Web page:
North Codorus rejects Southwestern police budget, faces $1M penalty for leaving department
North Codorus Township could be on the hook for a nearly $1 million penalty if it follows through on its plan to leave the Southwestern Regional Police Department.
That's according to the department's board, which issued a news release Thursday, March 14, noting the township had rejected a slimmed-down budget designed to assuage concerns about the cost of coverage.
That plan called for three fewer officers and a 25 percent cost reduction for the four member municipalities, the board stated.
Township officials have cited rising costs as the reason behind their intent to depart from the regional police force by the end of the year. They sent their letter of intent to withdraw in October.
Should the township stick to that plan, it would leave the department with Manheim Township, Heidelberg Township and Spring Grove as member municipalities.
Rejected: In a letter provided to the police board at its Wednesday, March 13, meeting, North Codorus Township Manager Sharon Kerchner wrote the township believes it can provide better police service at a cheaper price.
There continue to be problems with the department, she wrote, adding that Chief Greg Bean did not recommend the personnel changes.
"Therefore, if the Chief doesn't support these changes, the SWRP Board has to have questions whether or not this will work," Kerchner wrote.
However, department officials contend Bean did recommend the changes, though he noted they were not ideal.
According to the department, the proposed plan would cut the number of officers from 14 to 11.
Township Supervisor Rodney Shearer, who is a member of the police board, said the morning of Friday, March 15, that there were some issues North Codorus had with the proposed budget.
In addition to reiterating what Kerchner wrote in the letter, Shearer said the proposed budget would have given North Codorus Township 190 hours of service per week when it only needs about 160 to 170 hours.
He also said it would have cut the township's annual costs to $866,000 when local officials were aiming for between $700,000 and $750,000.
Shearer also mentioned that as part of the proposed budget, Bean would fill in for some officers on a scheduled basis.
"I don't think it's going to be allowed," he said, adding that it would be taking time from a union employee.
Penalty: The board is now going to review the penalty for North Codorus Township's departure, which could be as much as one year's payment of $992,000, according to the release.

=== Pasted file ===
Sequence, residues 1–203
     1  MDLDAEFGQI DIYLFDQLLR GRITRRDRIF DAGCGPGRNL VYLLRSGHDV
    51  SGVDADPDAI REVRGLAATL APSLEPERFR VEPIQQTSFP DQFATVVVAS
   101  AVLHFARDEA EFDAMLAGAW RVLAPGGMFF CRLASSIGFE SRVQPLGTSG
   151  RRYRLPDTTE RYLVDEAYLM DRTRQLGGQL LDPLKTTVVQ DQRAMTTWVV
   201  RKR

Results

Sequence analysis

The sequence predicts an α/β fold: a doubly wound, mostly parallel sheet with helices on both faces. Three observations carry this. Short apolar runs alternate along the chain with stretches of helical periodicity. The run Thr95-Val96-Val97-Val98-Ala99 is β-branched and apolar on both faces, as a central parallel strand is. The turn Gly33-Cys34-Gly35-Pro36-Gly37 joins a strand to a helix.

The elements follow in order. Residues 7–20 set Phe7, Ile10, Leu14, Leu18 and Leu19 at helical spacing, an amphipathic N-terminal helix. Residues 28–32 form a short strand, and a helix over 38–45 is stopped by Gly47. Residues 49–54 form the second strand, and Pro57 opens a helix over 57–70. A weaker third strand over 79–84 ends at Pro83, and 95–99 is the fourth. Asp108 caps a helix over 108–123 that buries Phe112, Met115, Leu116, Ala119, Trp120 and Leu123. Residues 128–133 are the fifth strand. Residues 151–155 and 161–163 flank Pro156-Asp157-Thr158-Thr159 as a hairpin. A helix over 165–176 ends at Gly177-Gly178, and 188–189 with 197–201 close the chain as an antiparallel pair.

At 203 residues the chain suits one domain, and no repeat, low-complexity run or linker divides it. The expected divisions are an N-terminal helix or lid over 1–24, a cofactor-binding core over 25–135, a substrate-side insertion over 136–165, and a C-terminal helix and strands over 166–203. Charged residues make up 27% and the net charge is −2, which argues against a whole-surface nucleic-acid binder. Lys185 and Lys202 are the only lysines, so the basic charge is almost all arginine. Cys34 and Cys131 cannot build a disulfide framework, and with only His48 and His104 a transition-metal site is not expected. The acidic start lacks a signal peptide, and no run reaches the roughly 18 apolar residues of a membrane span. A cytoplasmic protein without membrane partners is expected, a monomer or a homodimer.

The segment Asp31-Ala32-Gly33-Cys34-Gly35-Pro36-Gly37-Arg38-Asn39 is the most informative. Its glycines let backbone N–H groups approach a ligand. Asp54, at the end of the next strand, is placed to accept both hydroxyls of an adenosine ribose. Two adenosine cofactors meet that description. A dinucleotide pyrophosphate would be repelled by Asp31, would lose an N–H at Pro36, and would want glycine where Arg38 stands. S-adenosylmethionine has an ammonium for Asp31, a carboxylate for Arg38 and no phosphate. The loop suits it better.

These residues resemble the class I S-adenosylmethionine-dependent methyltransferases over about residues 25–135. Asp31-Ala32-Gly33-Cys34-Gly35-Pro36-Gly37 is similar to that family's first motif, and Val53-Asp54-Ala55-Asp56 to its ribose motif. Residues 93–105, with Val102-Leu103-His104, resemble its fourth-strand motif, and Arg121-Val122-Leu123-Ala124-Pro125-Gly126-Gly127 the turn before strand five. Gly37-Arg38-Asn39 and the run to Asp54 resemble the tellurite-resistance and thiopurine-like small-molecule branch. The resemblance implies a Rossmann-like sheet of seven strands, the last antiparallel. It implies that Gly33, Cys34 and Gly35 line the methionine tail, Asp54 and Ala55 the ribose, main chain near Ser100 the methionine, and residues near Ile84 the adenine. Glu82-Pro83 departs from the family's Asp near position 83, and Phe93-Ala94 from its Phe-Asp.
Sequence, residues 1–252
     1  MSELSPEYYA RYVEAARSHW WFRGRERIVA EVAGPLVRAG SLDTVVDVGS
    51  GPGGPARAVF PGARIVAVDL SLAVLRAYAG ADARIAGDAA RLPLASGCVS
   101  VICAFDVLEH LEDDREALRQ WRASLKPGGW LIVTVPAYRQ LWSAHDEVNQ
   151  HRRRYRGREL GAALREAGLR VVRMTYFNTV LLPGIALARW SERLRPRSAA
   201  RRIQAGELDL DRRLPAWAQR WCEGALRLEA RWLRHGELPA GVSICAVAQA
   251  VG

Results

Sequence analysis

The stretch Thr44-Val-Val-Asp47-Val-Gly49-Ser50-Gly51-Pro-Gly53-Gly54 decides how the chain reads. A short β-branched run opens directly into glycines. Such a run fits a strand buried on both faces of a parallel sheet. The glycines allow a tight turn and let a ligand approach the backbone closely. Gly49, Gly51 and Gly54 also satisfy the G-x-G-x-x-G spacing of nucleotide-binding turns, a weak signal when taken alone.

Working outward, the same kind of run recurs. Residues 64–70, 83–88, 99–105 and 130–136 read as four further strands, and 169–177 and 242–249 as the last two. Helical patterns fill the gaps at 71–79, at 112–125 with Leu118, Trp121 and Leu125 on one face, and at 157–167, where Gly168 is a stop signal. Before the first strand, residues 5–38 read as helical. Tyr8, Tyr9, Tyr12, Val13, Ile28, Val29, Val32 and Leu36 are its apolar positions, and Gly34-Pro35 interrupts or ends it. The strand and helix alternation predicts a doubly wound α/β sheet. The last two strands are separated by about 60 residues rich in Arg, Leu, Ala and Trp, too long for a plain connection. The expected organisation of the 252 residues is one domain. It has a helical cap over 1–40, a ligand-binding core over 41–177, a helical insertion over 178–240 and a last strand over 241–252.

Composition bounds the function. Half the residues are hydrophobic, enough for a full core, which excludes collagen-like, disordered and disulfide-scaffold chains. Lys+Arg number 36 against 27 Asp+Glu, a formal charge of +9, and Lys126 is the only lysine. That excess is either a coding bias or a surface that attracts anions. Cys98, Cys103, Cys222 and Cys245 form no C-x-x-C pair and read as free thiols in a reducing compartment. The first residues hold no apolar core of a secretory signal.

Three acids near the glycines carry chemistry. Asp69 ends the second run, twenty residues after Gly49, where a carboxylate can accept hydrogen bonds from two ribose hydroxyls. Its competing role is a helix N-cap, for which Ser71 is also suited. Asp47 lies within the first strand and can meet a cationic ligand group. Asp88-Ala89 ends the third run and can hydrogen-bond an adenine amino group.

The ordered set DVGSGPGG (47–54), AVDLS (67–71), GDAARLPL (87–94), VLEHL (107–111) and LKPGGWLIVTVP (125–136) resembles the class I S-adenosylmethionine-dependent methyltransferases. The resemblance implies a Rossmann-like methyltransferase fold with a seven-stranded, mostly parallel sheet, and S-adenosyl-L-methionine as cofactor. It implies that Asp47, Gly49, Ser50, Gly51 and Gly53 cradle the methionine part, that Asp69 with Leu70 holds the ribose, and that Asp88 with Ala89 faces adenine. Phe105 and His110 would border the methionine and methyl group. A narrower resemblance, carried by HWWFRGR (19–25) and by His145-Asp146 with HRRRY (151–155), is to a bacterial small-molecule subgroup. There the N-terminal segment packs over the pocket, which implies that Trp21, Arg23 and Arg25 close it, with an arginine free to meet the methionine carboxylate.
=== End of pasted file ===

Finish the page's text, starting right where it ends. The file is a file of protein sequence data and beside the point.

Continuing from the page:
Shearer said the township's attorneys don't expect the municipality to owe that much in the end. The exact number, he said, will likely not be known until the end of the year.
Walter Tilley, the police board's solicitor, said that articles of agreement with the department make it so a departing municipality has to pay an identifiable cost so the force does not suffer financial loss and the municipalities do not lose the quality of service.
Shearer said the building agreement meant that North Codorus Township would get back an appraised value of what the township put into the police station, which would affect the penalty price.
Tilley said that was about 48 percent, and that would be given back to the township over a period of ten years. He also said that the township will get its capital investment in the department back, but all of that investment, about $125,000, has been depreciated.
"Over the next 16 years, whatever they bought with that ... have all been replaced or depreciated out," Tilley said.
The solicitor said he is hoping to have an agreement on what North Codorus Township will pay quarterly for next year so they can get an idea of what the entire penalty fee would be in 2020.
“The goal is to try to make this as noncontentious as possible,” Tilley said.
There would also be legal fees and appraisal fees, but that likely won't be assessed until the end of the year, according to Tilley.
Shearer said the supervisors knew there would be fees.
“We did our homework on it," he said.
Shearer said there are some ideas as to what the fee might be, but he was not ready to release that information yet.
Tilley said the idea of taking the township to court, should a dispute over the penalty arise, has not been discussed by the police board.
Future: The township has received "ballpark" ideas for service from Northern York County Regional Police and West Manchester Township Police, and those fit in with what supervisors want, according to Shearer.
He said he doesn't expect to get official proposals from the agencies until late April or early May. The departments, he said, want to know if they should plan to provide service in 2020 by June.
Shearer said the township might use state police coverage, but only to provide service between Southwestern and whatever local police coverage they get next.
The department will have to determine the cost of police service for the remaining municipalities. There is no timeline yet for when these numbers will be known.
North Codorus Township can reverse the decision by the end of the year; however, Shearer doesn't think it will happen.
"We don't have time to work this out anymore," he said.
Messages left for township supervisors Chairman Nelson Brenneman and Vice-chair Dennis Luckenbaugh were not returned Friday. Kerchner, the township manager, was in meetings Friday and did not return a message seeking comment.
North Codorus Township supervisors meet again 7 p.m. Tuesday, March 19, at the township building at 1986 Stoverstown Road.
— Reach Christopher Dornblaser at email@example.com or on Twitter at @YDDornblaser.
Editor's note: An earlier version of this story had Rodney Shearer's first name listed incorrectly. This story has been updated.